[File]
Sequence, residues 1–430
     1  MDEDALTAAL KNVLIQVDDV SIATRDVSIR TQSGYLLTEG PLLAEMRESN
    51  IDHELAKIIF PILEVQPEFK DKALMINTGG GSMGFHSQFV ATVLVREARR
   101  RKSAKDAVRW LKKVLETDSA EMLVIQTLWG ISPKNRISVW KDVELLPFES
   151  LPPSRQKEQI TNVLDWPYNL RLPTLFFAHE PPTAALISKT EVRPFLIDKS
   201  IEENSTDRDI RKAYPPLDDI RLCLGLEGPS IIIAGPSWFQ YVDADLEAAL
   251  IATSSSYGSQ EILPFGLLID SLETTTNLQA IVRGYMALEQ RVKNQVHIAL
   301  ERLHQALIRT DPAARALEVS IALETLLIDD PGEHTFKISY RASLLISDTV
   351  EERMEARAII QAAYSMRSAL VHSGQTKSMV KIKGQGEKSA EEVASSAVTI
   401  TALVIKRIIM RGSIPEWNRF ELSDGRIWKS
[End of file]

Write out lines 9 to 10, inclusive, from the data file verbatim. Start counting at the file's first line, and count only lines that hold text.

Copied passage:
   351  EERMEARAII QAAYSMRSAL VHSGQTKSMV KIKGQGEKSA EEVASSAVTI
   401  TALVIKRIIM RGSIPEWNRF ELSDGRIWKS